Compared to a musician’s master class, these biochemistry students receive feedback from peers weekly, revise studies, apply knowledge and present
The first day of Chemistry 419, professors Dan Grilley and Todd Weaver tell students what they can expect after college.
“No one is going to have you solve an equation on the board. They assume you know how to do that,” says Grilley. “It’s the soft skills you know: How to write, speak, do teamwork, analyze data, critically think … that’s what matters.”
And so Grilley and Weaver don’t ask their students to solve equations in CHM 419: Advanced Biochemistry Lab — or listen to them lecture. Instead, the students are the ones doing the majority of the talking.
Students start the course with only a description of a research question they will need to answer based on scientific results from students who took the course the previous year. Then, in teams of three, students develop their own research project that will build on that story. Throughout the semester they collect and analyze novel sets of data that will be developed into a peer-reviewed manuscript and ultimately contribute to the scientific body of knowledge on a particular enzyme — alkaline phosphatase.
“You’re used to a professor holding your hand and walking you through a course — getting a specific list of things to do and then doing them,” says Junior Roman Schlimgen, a biology and biochemistry major. “In this class you’re given a long-term goal, and you rely on your knowledge to accomplish it.”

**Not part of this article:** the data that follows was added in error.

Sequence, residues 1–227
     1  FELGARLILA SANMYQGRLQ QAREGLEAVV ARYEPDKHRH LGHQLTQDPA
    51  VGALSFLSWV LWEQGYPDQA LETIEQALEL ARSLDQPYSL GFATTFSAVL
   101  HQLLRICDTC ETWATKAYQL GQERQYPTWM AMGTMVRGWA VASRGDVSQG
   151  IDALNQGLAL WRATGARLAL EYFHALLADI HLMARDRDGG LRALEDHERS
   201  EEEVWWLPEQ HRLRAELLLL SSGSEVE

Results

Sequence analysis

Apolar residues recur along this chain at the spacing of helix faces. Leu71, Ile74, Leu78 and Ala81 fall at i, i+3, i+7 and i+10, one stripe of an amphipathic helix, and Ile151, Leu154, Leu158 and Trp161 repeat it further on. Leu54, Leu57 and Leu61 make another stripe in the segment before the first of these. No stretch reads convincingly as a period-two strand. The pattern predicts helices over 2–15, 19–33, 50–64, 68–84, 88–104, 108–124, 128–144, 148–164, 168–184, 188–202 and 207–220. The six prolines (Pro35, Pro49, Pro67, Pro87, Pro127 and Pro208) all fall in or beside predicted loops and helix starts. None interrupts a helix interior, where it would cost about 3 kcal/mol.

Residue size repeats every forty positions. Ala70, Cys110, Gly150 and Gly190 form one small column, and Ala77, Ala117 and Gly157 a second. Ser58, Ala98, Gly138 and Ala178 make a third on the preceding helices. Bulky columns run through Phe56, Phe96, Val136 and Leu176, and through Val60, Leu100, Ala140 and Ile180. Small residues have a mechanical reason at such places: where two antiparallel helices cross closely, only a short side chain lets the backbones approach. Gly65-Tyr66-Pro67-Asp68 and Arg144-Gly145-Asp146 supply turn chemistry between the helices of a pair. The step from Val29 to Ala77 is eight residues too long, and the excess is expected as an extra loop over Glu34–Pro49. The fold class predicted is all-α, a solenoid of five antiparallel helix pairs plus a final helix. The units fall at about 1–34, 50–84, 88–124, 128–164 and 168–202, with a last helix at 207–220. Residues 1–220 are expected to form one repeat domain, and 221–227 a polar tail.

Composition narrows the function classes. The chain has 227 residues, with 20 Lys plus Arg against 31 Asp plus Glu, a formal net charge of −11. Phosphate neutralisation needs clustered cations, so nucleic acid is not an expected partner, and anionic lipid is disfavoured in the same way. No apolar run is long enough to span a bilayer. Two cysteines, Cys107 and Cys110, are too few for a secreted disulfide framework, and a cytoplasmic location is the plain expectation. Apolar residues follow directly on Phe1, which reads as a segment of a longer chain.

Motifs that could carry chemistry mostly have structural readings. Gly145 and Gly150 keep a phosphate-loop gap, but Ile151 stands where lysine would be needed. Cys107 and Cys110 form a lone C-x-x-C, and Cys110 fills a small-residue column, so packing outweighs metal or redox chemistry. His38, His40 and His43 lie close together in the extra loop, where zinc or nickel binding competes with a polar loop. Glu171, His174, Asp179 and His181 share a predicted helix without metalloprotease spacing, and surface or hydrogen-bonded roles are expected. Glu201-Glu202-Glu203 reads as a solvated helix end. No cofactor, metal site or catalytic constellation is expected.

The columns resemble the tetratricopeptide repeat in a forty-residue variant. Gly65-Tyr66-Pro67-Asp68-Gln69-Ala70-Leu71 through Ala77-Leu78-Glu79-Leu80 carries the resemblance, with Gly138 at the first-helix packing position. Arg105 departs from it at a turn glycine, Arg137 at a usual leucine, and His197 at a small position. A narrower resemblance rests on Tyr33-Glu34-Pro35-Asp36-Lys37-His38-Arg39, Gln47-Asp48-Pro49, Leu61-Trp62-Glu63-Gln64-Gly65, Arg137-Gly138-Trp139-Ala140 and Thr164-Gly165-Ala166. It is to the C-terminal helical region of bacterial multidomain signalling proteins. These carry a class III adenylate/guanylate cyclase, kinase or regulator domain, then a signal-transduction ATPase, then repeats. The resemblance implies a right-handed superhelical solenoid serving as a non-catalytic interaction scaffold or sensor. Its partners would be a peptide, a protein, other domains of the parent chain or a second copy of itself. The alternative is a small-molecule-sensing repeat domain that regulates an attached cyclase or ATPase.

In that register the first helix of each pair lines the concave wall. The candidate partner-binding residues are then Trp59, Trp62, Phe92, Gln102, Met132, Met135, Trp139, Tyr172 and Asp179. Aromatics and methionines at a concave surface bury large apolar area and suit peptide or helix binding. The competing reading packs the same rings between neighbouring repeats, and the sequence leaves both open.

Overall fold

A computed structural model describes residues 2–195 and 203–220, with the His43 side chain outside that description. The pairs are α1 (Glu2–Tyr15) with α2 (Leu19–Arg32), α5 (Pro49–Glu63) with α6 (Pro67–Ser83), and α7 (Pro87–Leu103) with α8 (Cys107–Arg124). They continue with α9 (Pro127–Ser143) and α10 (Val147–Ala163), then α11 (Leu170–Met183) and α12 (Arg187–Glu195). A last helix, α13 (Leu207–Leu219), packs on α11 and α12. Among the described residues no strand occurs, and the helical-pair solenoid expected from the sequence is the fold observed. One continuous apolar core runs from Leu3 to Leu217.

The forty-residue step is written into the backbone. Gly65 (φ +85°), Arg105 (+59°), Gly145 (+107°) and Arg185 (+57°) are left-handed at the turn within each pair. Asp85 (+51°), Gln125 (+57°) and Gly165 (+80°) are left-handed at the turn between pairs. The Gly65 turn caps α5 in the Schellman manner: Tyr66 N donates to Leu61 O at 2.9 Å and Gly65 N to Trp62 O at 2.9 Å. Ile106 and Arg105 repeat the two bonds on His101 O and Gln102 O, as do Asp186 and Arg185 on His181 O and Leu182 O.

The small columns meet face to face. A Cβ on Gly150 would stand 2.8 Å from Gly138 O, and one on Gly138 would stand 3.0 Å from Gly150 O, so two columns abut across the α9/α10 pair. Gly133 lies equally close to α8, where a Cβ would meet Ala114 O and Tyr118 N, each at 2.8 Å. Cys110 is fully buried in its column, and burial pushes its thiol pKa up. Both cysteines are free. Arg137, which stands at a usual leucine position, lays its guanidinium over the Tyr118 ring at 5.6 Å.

Students say the course draws on information they’ve learned in previous courses and, in particular, technical skills they learned during a fall semester prerequisite.
A flipped model
Weaver and Grilley developed CHM 419 — considered a course-based, undergraduate research experience or CURE — about five years ago and its format has changed dramatically. Their first attempt involved a class discussion, which typically resulted in them lecturing to the class. Today they’ve completely flipped the format — challenging the students to derive meaning from their research results and explain it to professors and other students through weekly presentations.
“That switch between models of instruction was so critical,” says Grilley. “It forced them to think about the big picture ideas of their project.”
Students are either presenting or providing feedback on another group’s presentation once a week related to their research projects. All of the projects are different, but together they tell the story of a particular protein enzyme — its properties and how it performs as those properties change.
Weaver compares the course to a master class in music — where an artist performs a song and then learns how to improve based on feedback. “Musicians and artists are constantly getting feedback about their work,” says Weaver. “That’s what is missing in the sciences, and I think that has helped our students develop.”
Also listening to other students’ presentations has led teams to reinterpret their own data. “When something doesn’t go exactly right, you have to problem solve your way out of it … maybe you’re miscalculating and will need to redo the experiment,” says UWL junior Shanna Weber, biochemistry and molecular biology major. “You learn through the experience.”